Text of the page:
No matter what platform you use, your containers are based on images. That means the security of your deployments starts at the image level, where developers and action meet. And no matter how careful you are, if you’re basing your containers on images that contain vulnerabilities, the security of your apps and services will be weak. As a cloud native developer, you cannot allow that.
So what do you do?
Most often you base everything you do on official images, those tagged and flagged by reputable companies and developers. And for the most part, you can trust those images.
Until you can’t — until that one vulnerability slips by, the one that (in conjunction with every other moving part in your deployment) wreaks havoc.
Without actually doing your part to check on those images, it’s all a game of trust. Do you really want to leave it at someone else’s word? Probably not.
So what do you do?
You make use of the available tools to scan those images for vulnerabilities. Some of those tools are quite the challenge to get up and running. Fortunately, however, there are easy-enough options that any developer or admin could use. One such tool is the open source Anchore Engine. With this command-line tool, you can scan the images you want to use to find out if it contains any known CVE issues.
I’m going to walk you through the process of installing and using Anchore Engine, so you can take the guesswork out of those images.
I’ll be demonstrating on Ubuntu Server 20.04, but Anchore Engine can be deployed and used on any system that supports docker-compose.
The first thing to take care of is the installation of docker-compose. For this, you will first need to install docker. Log into Ubuntu Server and issue the command:
sudo apt-get install docker.io -y
After the installation completes, add your user to the docker group with the command:
sudo usermod -aG docker $USER
After that completes, log out and log back in.
Now we can install docker-compose. Download the necessary file with the command:
sudo curl -L "https://github.com/docker/compose/releases/download/1.28.5/docker-compose-$(uname -s)-$(uname -m)" -o /usr/local/bin/docker-compose
Give the newly-downloaded file executable permissions with the command:
sudo chmod +x /usr/local/bin/docker-compose
You can verify the installation with the command:
You should see something like:
docker-compose version 1.28.5, build c4eb3a1f
Deploy Anchore Engine
With docker-compose ready, we can deploy Anchore Engine. Download the required docker-compose.yaml file with the command:
curl -O https://engine.anchore.io/docs/quickstart/docker-compose.yaml
With the file downloaded, deploy Anchore Engine with the command:
docker-compose up -d
Give the services time to come up and then verify Anchore Engine is running with the command:
docker-compose exec api anchore-cli system status
The output of the command should look something like this:
Service apiext (anchore-quickstart, http://api:8228): up
Service policy_engine (anchore-quickstart, http://policy-engine:8228): up
Service simplequeue (anchore-quickstart, http://queue:8228): up
Service analyzer (anchore-quickstart, http://analyzer:8228): up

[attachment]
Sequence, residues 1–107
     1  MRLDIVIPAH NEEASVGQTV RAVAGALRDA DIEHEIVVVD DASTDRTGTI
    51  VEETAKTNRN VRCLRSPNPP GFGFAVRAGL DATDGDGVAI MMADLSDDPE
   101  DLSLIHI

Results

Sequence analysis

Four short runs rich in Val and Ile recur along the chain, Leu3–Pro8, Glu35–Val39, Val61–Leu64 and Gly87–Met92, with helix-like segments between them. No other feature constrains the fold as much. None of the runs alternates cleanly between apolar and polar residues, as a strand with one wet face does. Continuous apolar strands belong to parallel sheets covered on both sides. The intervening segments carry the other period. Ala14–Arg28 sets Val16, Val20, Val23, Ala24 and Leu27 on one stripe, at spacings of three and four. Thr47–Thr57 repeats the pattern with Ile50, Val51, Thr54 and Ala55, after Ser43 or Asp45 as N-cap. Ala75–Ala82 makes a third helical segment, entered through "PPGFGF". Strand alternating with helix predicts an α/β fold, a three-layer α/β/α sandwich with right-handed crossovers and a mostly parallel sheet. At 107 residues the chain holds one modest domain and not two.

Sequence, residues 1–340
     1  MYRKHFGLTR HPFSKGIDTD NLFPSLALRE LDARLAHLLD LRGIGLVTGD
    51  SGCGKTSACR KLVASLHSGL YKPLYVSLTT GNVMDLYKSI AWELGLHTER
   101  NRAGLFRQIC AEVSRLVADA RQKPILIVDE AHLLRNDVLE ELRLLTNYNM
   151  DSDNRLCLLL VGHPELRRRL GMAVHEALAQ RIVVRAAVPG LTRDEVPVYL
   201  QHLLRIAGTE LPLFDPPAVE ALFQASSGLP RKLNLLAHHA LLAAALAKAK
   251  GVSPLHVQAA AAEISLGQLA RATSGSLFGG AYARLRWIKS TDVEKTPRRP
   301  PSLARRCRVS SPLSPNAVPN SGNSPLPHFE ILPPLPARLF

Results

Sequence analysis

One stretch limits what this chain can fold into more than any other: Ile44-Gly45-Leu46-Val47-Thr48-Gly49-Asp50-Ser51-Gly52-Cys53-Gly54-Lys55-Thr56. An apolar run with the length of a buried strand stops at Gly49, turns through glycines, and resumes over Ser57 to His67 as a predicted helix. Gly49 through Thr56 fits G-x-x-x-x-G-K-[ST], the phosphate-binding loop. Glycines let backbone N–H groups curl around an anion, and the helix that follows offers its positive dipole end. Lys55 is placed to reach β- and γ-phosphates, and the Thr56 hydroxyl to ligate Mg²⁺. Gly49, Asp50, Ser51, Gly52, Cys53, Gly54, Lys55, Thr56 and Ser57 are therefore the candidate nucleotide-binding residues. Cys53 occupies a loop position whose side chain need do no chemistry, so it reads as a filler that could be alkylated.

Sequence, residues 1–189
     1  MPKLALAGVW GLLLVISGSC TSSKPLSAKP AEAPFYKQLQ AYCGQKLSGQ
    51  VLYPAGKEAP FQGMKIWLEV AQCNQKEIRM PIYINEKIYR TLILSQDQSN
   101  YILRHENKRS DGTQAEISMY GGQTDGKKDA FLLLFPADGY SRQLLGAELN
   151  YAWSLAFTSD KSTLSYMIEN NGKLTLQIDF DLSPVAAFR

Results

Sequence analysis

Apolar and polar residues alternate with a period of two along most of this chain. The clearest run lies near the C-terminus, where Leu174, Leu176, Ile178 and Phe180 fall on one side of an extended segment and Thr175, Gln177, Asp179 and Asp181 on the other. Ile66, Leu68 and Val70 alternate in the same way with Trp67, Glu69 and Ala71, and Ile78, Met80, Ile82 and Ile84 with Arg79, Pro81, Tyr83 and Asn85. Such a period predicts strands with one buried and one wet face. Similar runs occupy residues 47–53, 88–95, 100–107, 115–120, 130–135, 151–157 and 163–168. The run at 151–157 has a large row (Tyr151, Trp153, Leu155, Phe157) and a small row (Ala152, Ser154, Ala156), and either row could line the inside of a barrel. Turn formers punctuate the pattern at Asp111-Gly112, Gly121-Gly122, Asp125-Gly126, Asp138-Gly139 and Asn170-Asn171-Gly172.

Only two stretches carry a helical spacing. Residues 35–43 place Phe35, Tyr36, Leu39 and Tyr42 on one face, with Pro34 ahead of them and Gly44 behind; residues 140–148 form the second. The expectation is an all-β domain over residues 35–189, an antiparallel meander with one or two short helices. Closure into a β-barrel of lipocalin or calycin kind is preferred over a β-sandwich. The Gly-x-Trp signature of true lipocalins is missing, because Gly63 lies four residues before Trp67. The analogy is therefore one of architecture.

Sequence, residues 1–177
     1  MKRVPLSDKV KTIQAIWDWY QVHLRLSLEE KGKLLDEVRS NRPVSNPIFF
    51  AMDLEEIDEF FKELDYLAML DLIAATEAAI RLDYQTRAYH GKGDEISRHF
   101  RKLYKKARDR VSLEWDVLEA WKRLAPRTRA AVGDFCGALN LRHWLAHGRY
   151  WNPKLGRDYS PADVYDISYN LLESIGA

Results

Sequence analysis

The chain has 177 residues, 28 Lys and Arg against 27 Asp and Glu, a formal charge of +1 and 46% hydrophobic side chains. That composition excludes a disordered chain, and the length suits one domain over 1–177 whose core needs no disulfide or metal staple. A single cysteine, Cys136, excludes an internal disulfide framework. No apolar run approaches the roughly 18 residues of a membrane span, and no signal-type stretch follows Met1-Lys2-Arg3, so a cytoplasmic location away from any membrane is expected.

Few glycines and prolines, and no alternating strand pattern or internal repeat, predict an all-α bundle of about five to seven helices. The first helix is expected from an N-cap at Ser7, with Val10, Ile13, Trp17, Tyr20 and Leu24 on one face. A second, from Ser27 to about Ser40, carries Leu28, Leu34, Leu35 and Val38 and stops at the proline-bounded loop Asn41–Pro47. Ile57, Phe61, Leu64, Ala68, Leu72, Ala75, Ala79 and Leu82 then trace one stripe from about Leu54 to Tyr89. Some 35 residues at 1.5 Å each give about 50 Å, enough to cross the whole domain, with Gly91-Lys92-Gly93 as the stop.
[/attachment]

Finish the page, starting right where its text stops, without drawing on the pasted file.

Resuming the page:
Service catalog (anchore-quickstart, http://catalog:8228): up
Engine DB Version: 0.0.14
Engine Code Version: 0.9.0
You’re ready to start scanning.
Sync the Engine
Scanning an image with Anchore Engine isn’t exactly straightforward. After you ran the last command, Anchore Engine will start syncing the vulnerability data with the engine. To check the status of the sync, issue the command:
docker-compose exec api anchore-cli system feeds list
You should see that all entries under RecordCount are listed as “None” (Figure 1).
The full sync will take some time, so walk away or take care of some other tasks. Check back now and then (using the same command you last ran) and eventually, all the data in the RecordCount will have a numerical value (Figure 2).
Scanning an Image
Let’s scan the latest Ubuntu image (20.04) for vulnerabilities. The first thing to be done is to fetch the image content and extract it with the command:
docker-compose exec api anchore-cli image add docker.io/library/ubuntu:20.04
After the image has been added, we then analyze the image, using a set of Anchore analyzers to classify the metadata. The first thing to do is use the wait command to ensure the image has transitioned to analyzed, with the command:
docker-compose exec api anchore-cli image wait docker.io/library/ubuntu:20.04
The output of the above command should like similar to:
Image Digest: sha256:e3d7ff9efd8431d9ef39a144c45992df5502c995b9ba3c53ff70c5b52a848d9c
Parent Digest: sha256:b4f9e18267eb98998f6130342baacaeb9553f136142d40959a1b46d6401f0f2b
Analysis Status: analyzed
Image Type: docker
Analyzed At: 2021-03-20T13:00:42Z
Image ID: 4dd97cefde62cf2d6bcfd8f2c0300a24fbcddbe0ebcd577cc8b420c29106869a
Dockerfile Mode: Guessed
Distro Version: 20.04
Layer Count: 3
Full Tag: docker.io/library/ubuntu:20.04
Tag Detected At: 2021-03-20T12:58:34Z
If all data is filled out, you’re ready to continue. You can find out every piece of software included in the image with the command:
docker-compose exec api anchore-cli image content docker.io/library/ubuntu:20.04 os
Finally, we run the vulnerability scan with the command:
docker-compose exec api anchore-cli image vuln docker.io/library/ubuntu:20.04 all
After the scan completes, it will report all known CVEs found within the image and report them accordingly (Figure 3).
And there you have it. You are now empowered with the necessary information about image security and can take action. If you find an image that contains CVEs that go against your company security policy (and could cause problems), you could abandon that image and find another one, or wait until those vulnerabilities are addressed (or address them yourself).
Used regularly, a tool like Anchore Engine could ensure your cloud native development lifecycle always starts with a secure foundation.